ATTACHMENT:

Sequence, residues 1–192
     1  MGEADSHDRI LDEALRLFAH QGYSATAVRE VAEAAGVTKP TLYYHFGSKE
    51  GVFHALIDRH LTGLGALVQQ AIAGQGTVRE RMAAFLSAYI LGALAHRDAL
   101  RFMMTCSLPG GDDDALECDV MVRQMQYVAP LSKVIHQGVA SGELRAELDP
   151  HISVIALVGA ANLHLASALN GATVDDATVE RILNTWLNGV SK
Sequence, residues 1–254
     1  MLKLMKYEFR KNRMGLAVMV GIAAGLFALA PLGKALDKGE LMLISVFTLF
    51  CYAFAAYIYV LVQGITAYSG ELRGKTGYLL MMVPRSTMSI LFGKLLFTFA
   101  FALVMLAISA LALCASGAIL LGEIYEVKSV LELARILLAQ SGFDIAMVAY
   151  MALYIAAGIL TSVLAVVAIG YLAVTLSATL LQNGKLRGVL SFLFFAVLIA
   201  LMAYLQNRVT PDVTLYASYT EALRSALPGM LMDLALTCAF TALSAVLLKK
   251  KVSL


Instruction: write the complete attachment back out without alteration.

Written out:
Sequence, residues 1–192
     1  MGEADSHDRI LDEALRLFAH QGYSATAVRE VAEAAGVTKP TLYYHFGSKE
    51  GVFHALIDRH LTGLGALVQQ AIAGQGTVRE RMAAFLSAYI LGALAHRDAL
   101  RFMMTCSLPG GDDDALECDV MVRQMQYVAP LSKVIHQGVA SGELRAELDP
   151  HISVIALVGA ANLHLASALN GATVDDATVE RILNTWLNGV SK
Sequence, residues 1–254
     1  MLKLMKYEFR KNRMGLAVMV GIAAGLFALA PLGKALDKGE LMLISVFTLF
    51  CYAFAAYIYV LVQGITAYSG ELRGKTGYLL MMVPRSTMSI LFGKLLFTFA
   101  FALVMLAISA LALCASGAIL LGEIYEVKSV LELARILLAQ SGFDIAMVAY
   151  MALYIAAGIL TSVLAVVAIG YLAVTLSATL LQNGKLRGVL SFLFFAVLIA
   201  LMAYLQNRVT PDVTLYASYT EALRSALPGM LMDLALTCAF TALSAVLLKK
   251  KVSL